Green Lantern Justice League Unlimited

Green Lantern, specifically John Stewart, was originally selected by the Guardians when Hal Jordan and Guy Gardner were both incapacitated. Stewart is a former Marine who had a bit of a problem with authority in earlier comics. While Hal Jordan thought it would be a problem, for which he was chastised, Stewart proved him wrong over time and even went on to replace Jordan in the Justice League.

John Stewart definitely hasn’t appeared as often as Hal, but out of the two, he’s arguably the stronger character. You can see this in the “Justice League” animated series, in which he’s voiced by Phil Lamarr. He’s depicted as being strong, level-headed and a natural leader– someone you can definitely imagine has the strength of will worthy of wearing a power ring. Even without his ring, he proved to be a worthy combatant in the three part episode, “The Savage Time,” (written by Stan Berkowitz). If you’re looking for depth and a character you can really feel happy for in the rare moments of tranquility, DCAU Stewart is your guy.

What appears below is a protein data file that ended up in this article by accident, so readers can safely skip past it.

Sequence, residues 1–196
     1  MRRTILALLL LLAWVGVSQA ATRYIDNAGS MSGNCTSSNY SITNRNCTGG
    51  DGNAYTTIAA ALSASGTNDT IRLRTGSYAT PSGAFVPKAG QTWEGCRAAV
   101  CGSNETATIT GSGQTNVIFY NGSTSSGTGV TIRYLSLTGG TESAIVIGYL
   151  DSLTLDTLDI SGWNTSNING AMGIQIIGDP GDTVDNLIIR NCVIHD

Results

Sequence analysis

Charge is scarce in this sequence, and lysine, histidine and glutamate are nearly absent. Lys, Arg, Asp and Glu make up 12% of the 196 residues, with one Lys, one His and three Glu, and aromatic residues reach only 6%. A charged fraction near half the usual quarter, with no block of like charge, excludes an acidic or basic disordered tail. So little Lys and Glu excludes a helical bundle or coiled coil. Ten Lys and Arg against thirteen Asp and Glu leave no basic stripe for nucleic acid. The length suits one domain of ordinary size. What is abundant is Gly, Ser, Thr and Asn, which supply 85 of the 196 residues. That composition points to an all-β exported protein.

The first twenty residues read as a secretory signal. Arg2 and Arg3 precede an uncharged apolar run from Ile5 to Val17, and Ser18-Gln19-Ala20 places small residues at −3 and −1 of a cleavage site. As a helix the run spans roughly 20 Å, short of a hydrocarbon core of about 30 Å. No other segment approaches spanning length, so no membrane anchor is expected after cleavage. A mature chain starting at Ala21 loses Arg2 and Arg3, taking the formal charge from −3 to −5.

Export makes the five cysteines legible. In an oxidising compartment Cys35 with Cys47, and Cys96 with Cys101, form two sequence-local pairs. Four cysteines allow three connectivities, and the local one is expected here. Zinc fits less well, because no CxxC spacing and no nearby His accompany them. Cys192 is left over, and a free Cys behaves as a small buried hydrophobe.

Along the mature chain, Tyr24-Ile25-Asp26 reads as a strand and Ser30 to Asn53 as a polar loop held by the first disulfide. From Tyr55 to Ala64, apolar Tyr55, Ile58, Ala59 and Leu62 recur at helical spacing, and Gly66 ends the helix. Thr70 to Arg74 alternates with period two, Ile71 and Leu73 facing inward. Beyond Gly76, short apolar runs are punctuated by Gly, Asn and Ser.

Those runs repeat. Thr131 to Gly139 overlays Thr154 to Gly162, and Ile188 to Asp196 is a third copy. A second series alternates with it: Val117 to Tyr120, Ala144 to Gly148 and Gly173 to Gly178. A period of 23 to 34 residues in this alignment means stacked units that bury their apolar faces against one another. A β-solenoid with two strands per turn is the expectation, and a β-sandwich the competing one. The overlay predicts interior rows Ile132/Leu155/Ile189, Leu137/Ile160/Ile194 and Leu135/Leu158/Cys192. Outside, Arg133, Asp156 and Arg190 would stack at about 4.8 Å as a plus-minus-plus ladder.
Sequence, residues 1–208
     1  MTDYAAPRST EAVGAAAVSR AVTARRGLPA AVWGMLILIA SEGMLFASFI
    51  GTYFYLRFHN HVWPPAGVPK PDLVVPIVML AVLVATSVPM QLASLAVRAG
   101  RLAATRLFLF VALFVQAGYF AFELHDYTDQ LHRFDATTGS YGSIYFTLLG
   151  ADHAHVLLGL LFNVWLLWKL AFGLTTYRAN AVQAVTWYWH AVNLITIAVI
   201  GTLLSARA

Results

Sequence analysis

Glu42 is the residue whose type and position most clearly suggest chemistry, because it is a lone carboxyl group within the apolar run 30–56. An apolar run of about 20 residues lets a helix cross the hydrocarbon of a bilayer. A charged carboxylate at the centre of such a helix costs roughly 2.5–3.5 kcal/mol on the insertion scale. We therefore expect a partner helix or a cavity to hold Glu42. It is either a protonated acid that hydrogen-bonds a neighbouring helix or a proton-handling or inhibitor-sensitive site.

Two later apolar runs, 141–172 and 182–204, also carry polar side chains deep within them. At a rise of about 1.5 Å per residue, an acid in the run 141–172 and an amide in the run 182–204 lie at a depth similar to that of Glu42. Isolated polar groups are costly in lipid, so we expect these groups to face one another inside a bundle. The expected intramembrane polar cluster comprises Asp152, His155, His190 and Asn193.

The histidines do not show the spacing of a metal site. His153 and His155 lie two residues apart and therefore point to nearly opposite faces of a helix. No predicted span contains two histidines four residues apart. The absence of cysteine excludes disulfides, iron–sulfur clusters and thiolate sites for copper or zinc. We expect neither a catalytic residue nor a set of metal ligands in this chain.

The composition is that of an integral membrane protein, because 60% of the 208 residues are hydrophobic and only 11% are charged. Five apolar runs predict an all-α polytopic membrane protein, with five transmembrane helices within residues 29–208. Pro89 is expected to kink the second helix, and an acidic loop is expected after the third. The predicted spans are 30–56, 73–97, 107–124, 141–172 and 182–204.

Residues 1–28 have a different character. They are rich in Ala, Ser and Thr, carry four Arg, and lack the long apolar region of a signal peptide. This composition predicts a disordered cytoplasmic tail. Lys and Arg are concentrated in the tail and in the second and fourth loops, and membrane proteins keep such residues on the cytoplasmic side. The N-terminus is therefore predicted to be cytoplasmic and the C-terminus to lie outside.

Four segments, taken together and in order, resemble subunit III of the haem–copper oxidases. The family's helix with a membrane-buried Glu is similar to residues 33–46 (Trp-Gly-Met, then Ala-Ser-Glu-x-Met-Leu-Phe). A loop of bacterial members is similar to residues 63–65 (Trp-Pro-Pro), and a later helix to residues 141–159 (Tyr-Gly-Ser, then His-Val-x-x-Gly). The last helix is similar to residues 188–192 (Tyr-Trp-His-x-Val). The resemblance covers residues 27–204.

Spider-Man Animated

Spider-Man was created by Stan Lee and Steve Ditko in 1962 and he’s been one of the most recognizable and enduring members of the Marvel Universe ever since. The reason for that is that he’s not like other heroes. He was an average guy before being bitten by that radioactive spider but he became a dedicated defender of the innocent afterward. He’s not the strongest, he’s not even the most intelligent (though he is up there), but he’s committed. He also stops at nothing to do right by his loved ones.